Marion A. Trozzolo

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[1]

Veteran of World War II, earning the Purple Heart, Bronze Star, Silver Star
Happy Pan Poster
2nd Teflon Pan Design

Marion A. Trozzolo (1925 – June 30, 1992) was a pioneer, visionary, innovator, inventor, entrepreneur, and professor of business at Rockhurst University in Kansas City, Missouri. He was the first manufacturer of teflon coated cookware in the United States,[2] and was the developer of the Kansas City entertainment district River Quay.

Biography[edit]

Early life and education[edit]

Trozzolo was born in Castrolibero Italy, and was one of three brothers. His family immigrated to Chicago, Illinois in 1927 for a better life for their children. A veteran of World War II, Trozzolo earned a Silver Star and Purple Heart for his service. After the war, he attended the University of Chicago where he received a bachelor's degree in Philosophy and a Master's degree in Business Administration.

Career[edit]

Trozzolo moved to Kansas City, Missouri in 1951 to pursue a career as a professor of business administration and economics at Rockhurst University.

The Happy Pan[edit]

In 1957 he founded Laboratory Plasticware Fabricators producing plastic-coated scientific utensils, including a Teflon-coated magnetic stirring rod. He eventually experimented with coating pans and E. I. duPont deNemours & Company executives endorsed the plan.[3] In 1961 he unveiled the "Happy Pan", a Teflon coated frying pan (Paul Donze was the one who sprayed the very first "Happy Pan" and was the first American citizen to spray Teflon on a pan ever.) Trozzolo sold the company in 1972.

An original Happy Pan is now in the collection of the Smithsonian Institution.

During the Presidency of Ronald Reagan Trozzolo marketed Teflon coat mementos in honor of the "Teflon president." He also donated a Teflon coating for the fence around the Harry S. Truman home in Independence, Missouri. This was also done by Paul Donze one of his top employees.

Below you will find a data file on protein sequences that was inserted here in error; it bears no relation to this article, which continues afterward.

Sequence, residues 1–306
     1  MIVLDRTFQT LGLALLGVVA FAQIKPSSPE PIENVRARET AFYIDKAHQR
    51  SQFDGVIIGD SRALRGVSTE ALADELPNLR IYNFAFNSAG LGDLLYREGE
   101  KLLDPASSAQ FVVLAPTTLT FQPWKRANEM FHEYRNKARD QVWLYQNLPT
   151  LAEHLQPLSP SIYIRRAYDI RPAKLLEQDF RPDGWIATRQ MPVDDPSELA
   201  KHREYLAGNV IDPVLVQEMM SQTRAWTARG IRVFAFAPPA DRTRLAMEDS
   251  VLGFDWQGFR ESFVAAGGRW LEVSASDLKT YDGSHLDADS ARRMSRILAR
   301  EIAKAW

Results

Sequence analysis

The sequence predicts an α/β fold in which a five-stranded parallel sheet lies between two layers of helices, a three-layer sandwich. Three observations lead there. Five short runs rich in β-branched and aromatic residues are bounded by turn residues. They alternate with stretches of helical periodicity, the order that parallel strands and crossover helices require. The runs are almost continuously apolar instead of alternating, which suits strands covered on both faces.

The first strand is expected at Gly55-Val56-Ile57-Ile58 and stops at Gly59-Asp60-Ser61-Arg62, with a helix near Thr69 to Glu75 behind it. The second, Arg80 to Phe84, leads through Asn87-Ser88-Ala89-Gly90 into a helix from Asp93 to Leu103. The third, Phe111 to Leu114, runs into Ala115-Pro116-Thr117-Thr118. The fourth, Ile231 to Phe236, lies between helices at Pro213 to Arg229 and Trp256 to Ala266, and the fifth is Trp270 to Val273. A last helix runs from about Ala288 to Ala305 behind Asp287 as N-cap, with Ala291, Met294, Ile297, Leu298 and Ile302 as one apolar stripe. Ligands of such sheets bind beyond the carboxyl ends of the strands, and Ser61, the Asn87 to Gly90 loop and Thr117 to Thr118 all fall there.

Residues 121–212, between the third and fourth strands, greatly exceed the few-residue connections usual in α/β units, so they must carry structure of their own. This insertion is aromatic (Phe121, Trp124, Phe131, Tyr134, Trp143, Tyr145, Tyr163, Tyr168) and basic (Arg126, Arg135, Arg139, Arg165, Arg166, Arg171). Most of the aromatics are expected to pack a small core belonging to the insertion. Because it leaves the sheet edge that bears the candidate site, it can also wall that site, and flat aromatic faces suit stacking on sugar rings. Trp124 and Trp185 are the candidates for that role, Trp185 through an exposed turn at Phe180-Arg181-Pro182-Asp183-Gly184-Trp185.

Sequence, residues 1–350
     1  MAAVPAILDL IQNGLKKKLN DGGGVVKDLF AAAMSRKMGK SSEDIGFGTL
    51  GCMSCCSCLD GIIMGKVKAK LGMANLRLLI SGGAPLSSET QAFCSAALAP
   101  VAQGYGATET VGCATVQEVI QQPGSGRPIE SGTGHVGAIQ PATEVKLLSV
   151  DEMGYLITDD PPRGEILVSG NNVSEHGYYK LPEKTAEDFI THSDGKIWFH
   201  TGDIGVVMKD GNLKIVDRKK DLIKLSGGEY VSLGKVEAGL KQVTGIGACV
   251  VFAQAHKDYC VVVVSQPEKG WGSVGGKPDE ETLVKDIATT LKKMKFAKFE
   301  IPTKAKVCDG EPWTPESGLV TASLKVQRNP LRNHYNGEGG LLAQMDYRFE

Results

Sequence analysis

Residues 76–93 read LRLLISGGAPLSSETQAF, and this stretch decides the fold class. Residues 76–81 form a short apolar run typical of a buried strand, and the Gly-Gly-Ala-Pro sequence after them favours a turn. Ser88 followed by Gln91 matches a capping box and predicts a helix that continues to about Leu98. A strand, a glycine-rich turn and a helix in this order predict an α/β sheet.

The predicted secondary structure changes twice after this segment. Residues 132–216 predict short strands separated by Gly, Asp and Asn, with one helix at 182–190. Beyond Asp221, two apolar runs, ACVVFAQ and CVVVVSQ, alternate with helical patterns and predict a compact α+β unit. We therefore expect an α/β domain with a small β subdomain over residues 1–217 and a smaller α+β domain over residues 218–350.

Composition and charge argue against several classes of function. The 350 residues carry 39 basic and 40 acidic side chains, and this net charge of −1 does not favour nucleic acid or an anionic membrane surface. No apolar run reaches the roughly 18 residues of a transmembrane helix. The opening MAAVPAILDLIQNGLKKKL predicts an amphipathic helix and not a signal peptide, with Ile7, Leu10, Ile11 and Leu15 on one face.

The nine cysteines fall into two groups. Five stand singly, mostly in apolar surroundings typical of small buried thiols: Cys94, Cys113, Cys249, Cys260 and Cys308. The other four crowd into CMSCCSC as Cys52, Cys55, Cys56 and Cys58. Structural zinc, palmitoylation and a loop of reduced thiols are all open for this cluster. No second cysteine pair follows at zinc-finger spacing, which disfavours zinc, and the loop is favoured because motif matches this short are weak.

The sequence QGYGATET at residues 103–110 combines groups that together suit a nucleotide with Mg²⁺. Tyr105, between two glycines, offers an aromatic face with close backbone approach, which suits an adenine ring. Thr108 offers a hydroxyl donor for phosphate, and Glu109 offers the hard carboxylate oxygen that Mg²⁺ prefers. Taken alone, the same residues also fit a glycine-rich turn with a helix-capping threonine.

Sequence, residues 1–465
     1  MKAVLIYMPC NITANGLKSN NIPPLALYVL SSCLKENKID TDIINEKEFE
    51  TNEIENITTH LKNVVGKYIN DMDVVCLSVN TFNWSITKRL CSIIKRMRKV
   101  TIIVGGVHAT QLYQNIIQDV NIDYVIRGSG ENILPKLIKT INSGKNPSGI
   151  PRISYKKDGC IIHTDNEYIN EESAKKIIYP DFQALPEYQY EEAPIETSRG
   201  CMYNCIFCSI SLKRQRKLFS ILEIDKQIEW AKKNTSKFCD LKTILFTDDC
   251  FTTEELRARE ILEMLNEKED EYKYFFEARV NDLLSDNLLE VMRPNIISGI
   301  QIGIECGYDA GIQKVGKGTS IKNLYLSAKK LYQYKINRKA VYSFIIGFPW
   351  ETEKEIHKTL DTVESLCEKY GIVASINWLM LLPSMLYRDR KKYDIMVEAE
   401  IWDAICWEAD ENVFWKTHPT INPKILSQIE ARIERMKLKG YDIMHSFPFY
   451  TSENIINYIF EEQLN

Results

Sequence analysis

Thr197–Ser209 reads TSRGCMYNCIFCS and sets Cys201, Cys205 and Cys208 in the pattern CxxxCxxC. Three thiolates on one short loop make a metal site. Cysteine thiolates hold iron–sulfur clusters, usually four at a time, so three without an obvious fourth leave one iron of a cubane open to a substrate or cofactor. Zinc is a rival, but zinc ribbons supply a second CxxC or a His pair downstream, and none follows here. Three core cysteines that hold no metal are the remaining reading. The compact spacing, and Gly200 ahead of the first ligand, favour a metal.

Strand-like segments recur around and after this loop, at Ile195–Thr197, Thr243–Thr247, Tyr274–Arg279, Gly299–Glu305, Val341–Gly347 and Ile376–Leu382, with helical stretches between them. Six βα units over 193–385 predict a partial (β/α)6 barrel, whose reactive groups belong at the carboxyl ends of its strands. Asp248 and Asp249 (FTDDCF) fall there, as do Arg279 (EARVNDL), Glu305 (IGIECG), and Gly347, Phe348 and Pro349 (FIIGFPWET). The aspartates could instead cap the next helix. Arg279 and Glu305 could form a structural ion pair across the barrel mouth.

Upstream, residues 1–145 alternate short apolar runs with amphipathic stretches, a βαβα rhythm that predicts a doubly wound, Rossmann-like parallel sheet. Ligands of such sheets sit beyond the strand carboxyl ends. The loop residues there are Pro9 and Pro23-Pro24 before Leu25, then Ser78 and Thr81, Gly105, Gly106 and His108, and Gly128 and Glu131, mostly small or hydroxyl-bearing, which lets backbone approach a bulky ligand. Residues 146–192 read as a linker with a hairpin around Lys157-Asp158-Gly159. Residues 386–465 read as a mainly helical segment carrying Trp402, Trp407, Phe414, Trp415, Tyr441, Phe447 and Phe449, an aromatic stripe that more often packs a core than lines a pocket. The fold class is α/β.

River Quay[edit]

The name “Quay” means a landing place by a body of water, and the pronunciation is “key”. The name was selected because the area’s northern boundary is the Missouri River and the district is the site of Westport Landing, a stopping place for explorers and settlers of the West. This is where Kansas City began.

As early as 1958, Trozzolo discovered the charm of the old buildings surrounding the city market. Over the years he acquired over 30 buildings. By 1971, a real community of small shops was forming and on June 30, 1972 River Quay was officially born. In two years it grew to include over 80 shops and restaurants which attracted thousands of people each year. The entertainment district was similar to Ghirardelli Square in San Francisco, California or Old Town, Chicago. Its initial slogan was "The Old New Town."[4] In 1973, he said, “We have a real feeling of community. People are happy here. Even the shoppers and business people who come just for lunch are smiling and more relaxed.” Perhaps that is why River Quay’s slogan became “A community in downtown Kansas City, rich in leisure, arts, craftsmanship and 19th century flavor.”

Trozzolo was especially creative in his marketing campaign of "The River Quay". He imported three red double-decker buses from Great Britain and began to run bus routes all over town. Promoting and encouraging people to "Come see... The River Quay" (the official slogan) with bill boards and painted signs.

During 1981 Trozzolo joined with Kansas City Star newspaper columnist Frederick Louis Richardson in developing a motion picture project based upon the mafia incursion into the River Quay. The screenplay by Richardson entitled "Battle for the River Quay" was promoted by the Rivery Quay Company, a corporation in which the writer and Trozzolo were partnered. Although the chairman of Paramount Pictures, Barry Diller had expressed an interest in reviewing the script, Trozzolo failed to comply and the project stalled before being abandoned.[citation needed]

Marriage and children[edit]

He was married to his wife Phyllis for 35 years. They had seven children, Alexandra, Angela, Andrea, Anita, Peter, Jon and Alisa.

Death and afterward[edit]

Trozzolo died of cancer June 30, 1992.

References[edit]

External links[edit]